Safe Spaces/ Brave Spaces
Rev. Dr. Susan Suchocki Brown
April 3, 2016
My curiosity was once again peaked about these two concepts, when Sheila shared a paper that was presented at a conference she had recently attended, with some of our 15 West Teen Coffeehouse youth. I had long been quibbling with the concept of safe spaces and how that doesn’t square with the world as I know it. But that someone had written and published about it was interesting and I was glad to have the paper to read. Maybe safe space was a term that had out used its usefulness for me because of a lot of group work that I have done. Maybe safe space was a term that had stopped working when once too often I had experienced people using that concept to avoid doing some hard personal or interpersonal work especially around issues of challenging topics. And certainly having been Chair of the Journey Toward Wholeness Transformation Committee of the UUA, in the late 1990’s early 2000’s we consistently heard people say to the committee that they didn’t like what we were doing because it violated their sense of safe space. Well the concept of safe space has not been one of my favorite terms for a while; but brave space I can relate to that.
However, before I go there let me share a couple of thoughts about safe space. The concept of safe space often gets stated as a ground rule for how groups should function, but for those of you who have been engaging in small group here know when you truly and deeply engage with a topic, when you truly and deeply begin to share your innermost thoughts, beliefs and ideals it feels anything but safe. Feeling that doesn’t make you stop sharing but it does make you consider some important factors about being in the group as you make a decision to enter brave space. As our reading this morning stated some come to this church as a place of safety because your personal life boat has been rocked too much and you want something safe or because you think your life boat should be rocked to cause you to move out of a safe zone. It is hard to maintain both of those concepts and in fact it is dishonest to try to do so. Personal healing and transformation does not guarantee safety. I do hope, however, that we guarantee a place to harbor and support you and to hold you in love with compassion and caring no matter what you are going through. But if this was all you imagined a safe place to be then how could we help you to change, to dare, and to experience a new way of being.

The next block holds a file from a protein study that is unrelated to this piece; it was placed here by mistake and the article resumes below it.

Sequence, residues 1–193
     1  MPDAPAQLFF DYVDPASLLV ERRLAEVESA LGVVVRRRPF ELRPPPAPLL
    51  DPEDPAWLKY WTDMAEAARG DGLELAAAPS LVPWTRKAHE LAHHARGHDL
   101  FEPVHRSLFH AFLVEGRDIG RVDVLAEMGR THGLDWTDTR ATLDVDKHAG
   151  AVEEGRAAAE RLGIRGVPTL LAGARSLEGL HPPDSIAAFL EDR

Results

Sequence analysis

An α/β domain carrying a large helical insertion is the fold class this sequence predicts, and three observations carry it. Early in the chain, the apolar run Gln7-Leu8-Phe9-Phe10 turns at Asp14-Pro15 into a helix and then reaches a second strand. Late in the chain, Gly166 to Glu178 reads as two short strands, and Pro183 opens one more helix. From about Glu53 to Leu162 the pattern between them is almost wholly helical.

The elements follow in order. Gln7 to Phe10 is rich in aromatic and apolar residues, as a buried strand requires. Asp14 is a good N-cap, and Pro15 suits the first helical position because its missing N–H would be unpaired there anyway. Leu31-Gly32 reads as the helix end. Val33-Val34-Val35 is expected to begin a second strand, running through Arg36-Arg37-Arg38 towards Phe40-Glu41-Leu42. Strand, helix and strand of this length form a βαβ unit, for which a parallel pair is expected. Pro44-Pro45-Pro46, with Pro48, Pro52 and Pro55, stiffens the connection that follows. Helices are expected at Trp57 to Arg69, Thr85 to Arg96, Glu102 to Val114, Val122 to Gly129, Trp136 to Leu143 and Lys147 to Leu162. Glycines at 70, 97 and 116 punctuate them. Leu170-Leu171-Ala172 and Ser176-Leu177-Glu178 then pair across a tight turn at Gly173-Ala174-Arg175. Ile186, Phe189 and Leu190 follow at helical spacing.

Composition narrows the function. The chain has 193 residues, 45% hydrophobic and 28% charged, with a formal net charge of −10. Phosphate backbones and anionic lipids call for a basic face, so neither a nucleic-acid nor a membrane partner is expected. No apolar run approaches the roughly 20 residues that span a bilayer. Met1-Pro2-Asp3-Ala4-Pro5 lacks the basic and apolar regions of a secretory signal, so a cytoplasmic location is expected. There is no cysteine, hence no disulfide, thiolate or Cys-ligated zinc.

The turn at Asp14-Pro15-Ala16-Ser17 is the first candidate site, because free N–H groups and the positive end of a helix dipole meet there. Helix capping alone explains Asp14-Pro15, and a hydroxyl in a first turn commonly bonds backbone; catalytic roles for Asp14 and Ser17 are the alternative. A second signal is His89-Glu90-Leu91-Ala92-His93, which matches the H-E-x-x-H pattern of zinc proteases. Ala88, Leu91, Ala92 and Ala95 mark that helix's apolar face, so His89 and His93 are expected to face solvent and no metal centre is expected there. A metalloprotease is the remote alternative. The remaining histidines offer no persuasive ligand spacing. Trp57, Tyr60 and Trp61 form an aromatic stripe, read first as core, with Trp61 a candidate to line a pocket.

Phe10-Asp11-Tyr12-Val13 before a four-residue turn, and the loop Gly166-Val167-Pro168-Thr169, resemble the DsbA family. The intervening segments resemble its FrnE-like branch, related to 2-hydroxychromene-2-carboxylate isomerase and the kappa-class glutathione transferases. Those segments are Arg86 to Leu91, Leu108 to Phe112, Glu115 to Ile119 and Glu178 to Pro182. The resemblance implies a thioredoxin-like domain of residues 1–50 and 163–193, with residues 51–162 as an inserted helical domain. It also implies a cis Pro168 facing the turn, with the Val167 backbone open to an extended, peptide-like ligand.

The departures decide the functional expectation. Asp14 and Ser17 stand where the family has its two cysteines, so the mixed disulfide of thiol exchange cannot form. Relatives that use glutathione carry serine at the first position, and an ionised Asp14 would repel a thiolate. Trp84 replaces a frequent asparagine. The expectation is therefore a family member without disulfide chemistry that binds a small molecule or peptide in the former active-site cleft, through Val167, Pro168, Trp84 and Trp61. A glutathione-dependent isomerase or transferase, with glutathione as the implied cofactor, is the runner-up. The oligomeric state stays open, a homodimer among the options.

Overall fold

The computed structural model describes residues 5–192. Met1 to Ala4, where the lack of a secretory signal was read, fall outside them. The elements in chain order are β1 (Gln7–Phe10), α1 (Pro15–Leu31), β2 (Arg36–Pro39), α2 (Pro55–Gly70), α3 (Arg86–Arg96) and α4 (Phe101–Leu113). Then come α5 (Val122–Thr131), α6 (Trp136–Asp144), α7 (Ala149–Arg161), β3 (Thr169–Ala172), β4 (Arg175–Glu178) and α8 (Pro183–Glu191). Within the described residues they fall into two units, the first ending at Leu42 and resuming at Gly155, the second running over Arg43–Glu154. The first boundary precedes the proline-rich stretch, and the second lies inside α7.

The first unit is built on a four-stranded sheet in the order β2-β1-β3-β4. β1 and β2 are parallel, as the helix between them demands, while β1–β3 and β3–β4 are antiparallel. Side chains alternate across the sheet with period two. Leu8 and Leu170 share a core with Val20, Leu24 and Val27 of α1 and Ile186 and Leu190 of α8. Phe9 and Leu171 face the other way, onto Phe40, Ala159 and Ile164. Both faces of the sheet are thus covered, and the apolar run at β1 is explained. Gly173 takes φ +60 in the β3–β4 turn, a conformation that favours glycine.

Also if we just stop at being a safe place then social justice would never occur. For it is risky business to engage in social justice especially if social justice is involved in helping break apart systems of oppression, racism, sexism, heterosexism, ableism, ageism, economic inequality, etc.
Don Robinson, a long time UU minister writes this about social justice.